It would be vain to seek for an exact parallel to the genius and the art of Bosch in his own time. Not indeed in form, technique, or expression, but assuredly in the peculiarity of its morbid visionary quality, is commingling of grim humour with tragic pathos, is sinister element of cruelty and blood-lust, that art is intensely modern. Not only is this uncanny poet-humorist the precursor of Peeter Brueghel, and through him of so many among the face-loving realists of the seventeenth century-- Brouwer, Teniers, Adriaen van Ostade, and Jan Steen in the number--but he reveals four hundred years in advance of his time a strain of that morbid, neurasthenic, yet genuinely poetic fantasy, which distinguishes not a few of his fellow-countrymen to-day.
Jerome van Aken, or Hieronymus Bosch (he generally signs himself Jheronimus Bosch), is, and always has been, one of the most famous of the Netherlandish masters, his renown extending south as well as north of the Alps. In 1504 we find him painting for Philip le Beau, 'pour son tres noble plaisir,' a Last Judgment, of vast dimensions, which has never yet been identified, but would seem to have been the most important of his works.
Bosch treated triptychs and polyptychs in a panoramic way, as if all parts were to be viewed simultaneously. In The Temptation of St. Anthony (Museu Nacional de Arte Antiga, Lisbon), he used a clockwise arrangement, beginning the story high up in the right panel at "one o'clock," then continuing downwards and over to the left wing in order to keep the central panel free for the grand finale, the saint's ultimate temptation.
We may be struck by the various oddities of the Earthly Paradise, but the stunning fourth panel captivates us by virtue of its great visionary qualities... Guided by angels, some five souls ascend towards a tunnel which leads to the realm of light. Once well in the tunnel, the soul is left to go the last stretch alone. It is as if Bosch were saying that the reunion with the light that is God is far too personal and sublime an event to be shared with others, even an angel.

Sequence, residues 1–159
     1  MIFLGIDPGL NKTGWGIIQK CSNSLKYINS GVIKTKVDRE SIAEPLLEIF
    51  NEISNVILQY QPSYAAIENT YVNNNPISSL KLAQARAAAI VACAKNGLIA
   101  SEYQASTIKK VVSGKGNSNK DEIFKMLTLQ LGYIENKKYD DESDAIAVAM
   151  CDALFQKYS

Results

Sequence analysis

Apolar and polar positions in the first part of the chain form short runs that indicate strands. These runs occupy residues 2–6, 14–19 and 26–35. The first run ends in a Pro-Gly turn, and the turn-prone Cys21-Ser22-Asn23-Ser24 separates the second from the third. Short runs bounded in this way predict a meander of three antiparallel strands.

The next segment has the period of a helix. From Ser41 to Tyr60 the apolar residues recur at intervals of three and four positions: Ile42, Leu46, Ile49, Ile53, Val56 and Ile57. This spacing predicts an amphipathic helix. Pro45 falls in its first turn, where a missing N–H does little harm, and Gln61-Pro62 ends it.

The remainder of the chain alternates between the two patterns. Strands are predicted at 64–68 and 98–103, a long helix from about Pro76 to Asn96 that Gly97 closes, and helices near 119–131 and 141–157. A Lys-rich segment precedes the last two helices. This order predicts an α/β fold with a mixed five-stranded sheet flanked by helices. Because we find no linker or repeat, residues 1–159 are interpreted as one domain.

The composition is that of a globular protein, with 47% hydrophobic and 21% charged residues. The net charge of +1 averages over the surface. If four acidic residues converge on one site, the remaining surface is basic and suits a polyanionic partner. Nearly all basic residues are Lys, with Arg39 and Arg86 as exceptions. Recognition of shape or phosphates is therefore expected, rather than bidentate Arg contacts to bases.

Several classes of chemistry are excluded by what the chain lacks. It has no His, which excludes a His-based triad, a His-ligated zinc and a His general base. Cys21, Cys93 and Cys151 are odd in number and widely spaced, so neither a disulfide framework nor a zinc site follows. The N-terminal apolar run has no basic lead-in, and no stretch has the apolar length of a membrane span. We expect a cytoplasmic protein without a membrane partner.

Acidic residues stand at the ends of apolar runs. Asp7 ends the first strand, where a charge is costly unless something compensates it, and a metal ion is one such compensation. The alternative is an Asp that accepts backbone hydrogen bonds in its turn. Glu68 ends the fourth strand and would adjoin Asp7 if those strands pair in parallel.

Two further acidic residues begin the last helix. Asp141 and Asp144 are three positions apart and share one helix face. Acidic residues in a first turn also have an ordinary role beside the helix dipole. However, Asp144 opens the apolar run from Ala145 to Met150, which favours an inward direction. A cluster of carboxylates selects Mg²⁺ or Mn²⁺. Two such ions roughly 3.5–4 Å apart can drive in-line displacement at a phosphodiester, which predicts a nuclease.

Bosch's work particularly influenced Bruegel in the 16th century. His paintings were collected by Philip II of Spain, and in the 20th century were cited by the Surrealists as precursors of their own visions.
Hieronymus Bosch was born in the town of Hertogenbosch near Antwerp, from which he took his name. He was the son of a painter. He is famous for the fantastic and disturbing detail of his panel pictures.
The panel on the left [in the triptych of Garden of Earthly Delights] shows God greeting Adam and Eve in the Garden of Eden. The panel on the right shows a surrealistic depiction of Hell. Though what does the central panel show? It doesn't appear to have any religious significance, and there is no religious imagery used at all. It is simply and incredibly orgy of uninhibited nude men and women (mostly women) frolicking in an dreamlike wonderland. Many art historians speculate the meaning of this painting and the general consensus is that it is a warning against lust and indulgence during our time on earth lest ye be cast down into the scenic pits of Hell for all eternity.
Little is known about the life of Hieronymus Bosch (1450 – 1516), though he was undoubtedly one of the most visionary artists of his era. He was a Dutch painter and his paintings are often of fantastical landscapes and preposterous scenes of the imagination. He is described as "The First Surrealist". One of his best known paintings is "Garden of Earthly Delights", which is actually several paintings arranged as a triptych with three internal panels, and two external panels that can be folded over the internal panels, making a total of five individual paintings in the triptych. It is believed to have been painted before 1510, but a precise date is unknown, as is its origin.
Avarice was one of the seven deadly sins and among the final temptations described in the Ars moriendi (Art of Dying), a religious treatise probably written about 1400 and later popularized in printed books. Bosch's painting [Death and the Miser] is similar to illustrations in these books, but his introduction of ambiguity and suspense is unique.
Of all fifteenth-century artists, Hieronymus Bosch is the most mysterious. His puzzling, sometimes bizarre imagery has prompted a number of false assertions that he was, for example, the member of a heretical sect, a sexual libertine, or a forerunner of the surrealists.